Happy Arthritis Awareness Month! This is the annual 31 days of making the over 100 different types of arthritis visible and a reminder to be proud of who we are.

Proud? Of having a chronic illness? Yes, exactly.Proud to be us

Gay or LGBT pride has been around for a long time, as a positive initiative against discrimination. Recently, disability pride has started to emerge. This movement is also using positive messages to challenge ableism, counter prejudice and make the disability community more visible. Chicago is a leader in this, celebrating their 10th Disability Pride Parade this summer.

Not a bad idea, is it?

When you live with a chronic illness like inflammatory arthritis, you share many of the same challenges facing people with disabilities. Social invisibility, prejudice and discrimination. And I believe there’s another thing we have in common. When I read Sarah Triano’s  definition of Disability Pride for the Encyclopedia of Disability, one sentence in particular stood out: “one of the single greatest obstacles we face as a community is our own sense of inferiority, internalized oppression and shame.” Granted, I was a lot more radical when I was younger, but is still resonated. Because we in the inflammatory arthritis community also lived with that sense of inferiority because we are ill, don’t we? We internalize the belief that illness makes us less than, somehow damaged goods. Many of us hide the impact of our disease, spending so much of what little energy we have to pretend we don’t have an illness.

This point is brought home to me through working with Show Us Your Hands. As the submissions to our Community Collage flooded in, photo after photo of beautiful hands showing the full range of inflammatory arthritis, so did the comments from the community. We’ve received letters from people saying that this was the first time they had deliberately taken a picture of their hands. Then it was the first time they shared them publicly. That doing so made them no longer feel ashamed of their hands, but instead proud of what they could still do.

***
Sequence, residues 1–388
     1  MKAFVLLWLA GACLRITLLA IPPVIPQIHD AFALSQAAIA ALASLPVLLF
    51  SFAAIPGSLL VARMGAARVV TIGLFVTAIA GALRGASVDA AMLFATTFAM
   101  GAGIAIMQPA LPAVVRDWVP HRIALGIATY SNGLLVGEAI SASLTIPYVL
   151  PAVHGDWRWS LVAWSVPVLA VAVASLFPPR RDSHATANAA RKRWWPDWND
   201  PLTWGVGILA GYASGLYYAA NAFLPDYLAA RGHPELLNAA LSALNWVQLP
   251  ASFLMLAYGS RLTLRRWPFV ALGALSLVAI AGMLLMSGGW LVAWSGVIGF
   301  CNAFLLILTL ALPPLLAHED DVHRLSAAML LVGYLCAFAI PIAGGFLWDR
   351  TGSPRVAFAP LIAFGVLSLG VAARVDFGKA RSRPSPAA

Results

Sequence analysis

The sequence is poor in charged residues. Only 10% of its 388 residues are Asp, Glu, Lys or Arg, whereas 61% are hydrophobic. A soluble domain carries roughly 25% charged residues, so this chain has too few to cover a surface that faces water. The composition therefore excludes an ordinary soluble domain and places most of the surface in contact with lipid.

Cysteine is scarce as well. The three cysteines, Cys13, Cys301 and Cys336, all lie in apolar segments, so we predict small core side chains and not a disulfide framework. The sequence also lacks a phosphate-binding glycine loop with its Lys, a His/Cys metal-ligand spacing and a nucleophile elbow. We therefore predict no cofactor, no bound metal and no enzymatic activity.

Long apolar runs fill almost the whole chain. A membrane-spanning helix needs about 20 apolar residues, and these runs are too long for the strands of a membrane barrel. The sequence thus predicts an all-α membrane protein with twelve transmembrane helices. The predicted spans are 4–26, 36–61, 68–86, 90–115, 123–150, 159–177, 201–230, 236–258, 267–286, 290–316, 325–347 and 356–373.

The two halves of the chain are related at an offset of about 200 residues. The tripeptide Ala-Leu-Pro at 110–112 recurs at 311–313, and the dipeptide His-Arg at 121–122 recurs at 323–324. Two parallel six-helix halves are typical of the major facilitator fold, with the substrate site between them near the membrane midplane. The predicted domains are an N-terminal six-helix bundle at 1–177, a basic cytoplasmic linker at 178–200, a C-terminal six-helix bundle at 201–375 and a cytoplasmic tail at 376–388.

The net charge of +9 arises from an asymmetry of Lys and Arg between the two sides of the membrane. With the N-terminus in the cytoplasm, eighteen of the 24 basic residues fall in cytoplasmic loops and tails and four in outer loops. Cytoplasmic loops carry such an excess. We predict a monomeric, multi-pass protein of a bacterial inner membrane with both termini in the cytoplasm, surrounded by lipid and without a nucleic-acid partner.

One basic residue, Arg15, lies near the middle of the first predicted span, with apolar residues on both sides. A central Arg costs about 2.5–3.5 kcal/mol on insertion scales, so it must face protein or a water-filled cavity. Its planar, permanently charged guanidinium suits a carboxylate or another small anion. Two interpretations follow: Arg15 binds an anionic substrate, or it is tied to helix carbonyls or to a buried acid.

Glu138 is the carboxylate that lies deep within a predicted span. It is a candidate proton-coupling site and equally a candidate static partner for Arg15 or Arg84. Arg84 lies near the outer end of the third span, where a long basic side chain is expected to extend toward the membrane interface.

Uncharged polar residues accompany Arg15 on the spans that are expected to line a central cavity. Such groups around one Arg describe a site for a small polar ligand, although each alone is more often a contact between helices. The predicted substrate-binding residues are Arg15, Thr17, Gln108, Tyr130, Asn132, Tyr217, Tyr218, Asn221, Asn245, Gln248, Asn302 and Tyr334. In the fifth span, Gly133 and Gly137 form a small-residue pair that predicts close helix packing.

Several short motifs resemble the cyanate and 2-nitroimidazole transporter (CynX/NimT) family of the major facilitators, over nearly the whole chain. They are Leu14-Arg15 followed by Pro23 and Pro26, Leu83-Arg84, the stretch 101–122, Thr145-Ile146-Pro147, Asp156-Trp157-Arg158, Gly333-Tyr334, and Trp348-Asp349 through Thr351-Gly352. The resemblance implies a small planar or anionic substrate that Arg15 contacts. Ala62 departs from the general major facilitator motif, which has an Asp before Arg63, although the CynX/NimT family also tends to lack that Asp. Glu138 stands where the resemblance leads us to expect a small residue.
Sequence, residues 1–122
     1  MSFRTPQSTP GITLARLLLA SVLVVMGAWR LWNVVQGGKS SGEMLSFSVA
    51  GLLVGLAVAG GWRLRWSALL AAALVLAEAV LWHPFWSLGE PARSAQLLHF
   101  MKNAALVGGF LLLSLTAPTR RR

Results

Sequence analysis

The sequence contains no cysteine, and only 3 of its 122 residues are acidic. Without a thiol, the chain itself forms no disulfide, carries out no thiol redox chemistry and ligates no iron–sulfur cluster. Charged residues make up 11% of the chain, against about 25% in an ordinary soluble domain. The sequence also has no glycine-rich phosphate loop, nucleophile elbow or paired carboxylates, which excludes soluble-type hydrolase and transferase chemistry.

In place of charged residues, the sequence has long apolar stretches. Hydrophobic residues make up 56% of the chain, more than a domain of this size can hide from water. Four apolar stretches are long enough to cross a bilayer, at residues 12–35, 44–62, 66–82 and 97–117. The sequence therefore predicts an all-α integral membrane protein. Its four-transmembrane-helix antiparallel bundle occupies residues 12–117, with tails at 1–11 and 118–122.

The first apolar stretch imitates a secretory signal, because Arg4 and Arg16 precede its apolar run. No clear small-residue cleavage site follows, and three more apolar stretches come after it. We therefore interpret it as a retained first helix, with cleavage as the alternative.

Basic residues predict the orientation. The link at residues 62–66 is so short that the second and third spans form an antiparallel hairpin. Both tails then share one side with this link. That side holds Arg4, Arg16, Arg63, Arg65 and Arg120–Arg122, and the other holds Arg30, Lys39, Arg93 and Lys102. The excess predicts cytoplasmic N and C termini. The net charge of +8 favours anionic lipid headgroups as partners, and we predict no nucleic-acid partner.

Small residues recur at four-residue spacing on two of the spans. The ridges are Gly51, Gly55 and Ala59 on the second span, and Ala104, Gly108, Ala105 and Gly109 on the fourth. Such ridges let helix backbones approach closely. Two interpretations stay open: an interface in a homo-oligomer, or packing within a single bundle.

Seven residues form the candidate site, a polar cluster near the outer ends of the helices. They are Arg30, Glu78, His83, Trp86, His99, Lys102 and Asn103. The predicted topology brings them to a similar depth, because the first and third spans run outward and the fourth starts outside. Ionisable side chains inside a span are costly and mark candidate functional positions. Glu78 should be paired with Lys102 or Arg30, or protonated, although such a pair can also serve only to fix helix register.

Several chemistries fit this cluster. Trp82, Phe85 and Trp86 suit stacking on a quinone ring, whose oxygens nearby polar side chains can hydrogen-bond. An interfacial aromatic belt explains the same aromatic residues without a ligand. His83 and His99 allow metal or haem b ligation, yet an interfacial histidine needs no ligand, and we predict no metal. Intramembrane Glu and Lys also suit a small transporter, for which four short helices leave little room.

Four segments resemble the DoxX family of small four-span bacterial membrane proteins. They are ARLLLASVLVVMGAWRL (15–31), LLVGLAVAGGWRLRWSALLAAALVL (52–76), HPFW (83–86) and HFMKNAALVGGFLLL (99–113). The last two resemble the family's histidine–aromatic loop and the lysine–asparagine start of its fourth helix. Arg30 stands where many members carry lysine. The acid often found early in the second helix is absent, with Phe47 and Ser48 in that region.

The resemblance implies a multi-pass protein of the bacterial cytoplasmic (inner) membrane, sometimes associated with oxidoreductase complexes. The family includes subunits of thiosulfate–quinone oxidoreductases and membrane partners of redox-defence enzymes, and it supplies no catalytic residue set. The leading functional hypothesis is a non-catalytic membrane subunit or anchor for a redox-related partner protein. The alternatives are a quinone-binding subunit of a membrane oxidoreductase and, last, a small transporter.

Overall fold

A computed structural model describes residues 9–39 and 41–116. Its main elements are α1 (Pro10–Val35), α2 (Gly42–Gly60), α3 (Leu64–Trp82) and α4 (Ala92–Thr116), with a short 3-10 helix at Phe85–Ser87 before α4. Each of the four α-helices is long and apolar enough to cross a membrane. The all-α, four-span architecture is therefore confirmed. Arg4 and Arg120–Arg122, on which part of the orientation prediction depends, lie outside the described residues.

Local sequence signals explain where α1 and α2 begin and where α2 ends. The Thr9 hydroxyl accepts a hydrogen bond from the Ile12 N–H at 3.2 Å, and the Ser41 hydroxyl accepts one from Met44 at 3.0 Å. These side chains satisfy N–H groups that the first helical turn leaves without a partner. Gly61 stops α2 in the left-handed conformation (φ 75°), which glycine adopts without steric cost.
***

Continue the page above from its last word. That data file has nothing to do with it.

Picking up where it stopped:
I see this reflected throughout our online community of people living with different kinds of inflammatory arthritis. People share their stories on blogs, on Twitter, on Facebook and other social media. They share photos of not just their hands, but other parts of their bodies, too, showing the impact of the disease with which they live. They show the reality of living with these chronic illnesses when they post photos of a pile of medication, having infusions, a cane, jar opener or dressing stick. All of this brings visibility to what previously was hidden, and in so doing, directly challenges this misplaced sense of shame.

I say misplaced, because according to the dictionary, shame is a sign that you have done something disgraceful, dishonorable or wrong. Having a chronic illness means some part of your body got wonky. That sucks, but it’s not disgraceful or dishonorable. You can’t control your illness with the powers of your mind, but you can control how you live with it. You can control whether you will accept being less than. You can choose not to hide. You can choose to embrace your life, chronic illness and all.

And this is where pride enters the picture.

Living with inflammatory arthritis has a lot of challenges, so be proud of what you do and who you are. Be proud that you are meeting those challenges, whether that’s going to your job, taking care of your kids, cutting the grass or on really bad days, getting up and taking a shower. We should be proud to be part of a community that is sharing our experiences with each other, helping others through the hard times and laughing whenever possible.

Be loud. Be proud. Be amazed at what we can do together.

And maybe by next year, we’ll do a parade.

Lene is the author of Your Life with Rheumatoid Arthritis: Tools for Managing Treatment, Side Effects and Pain.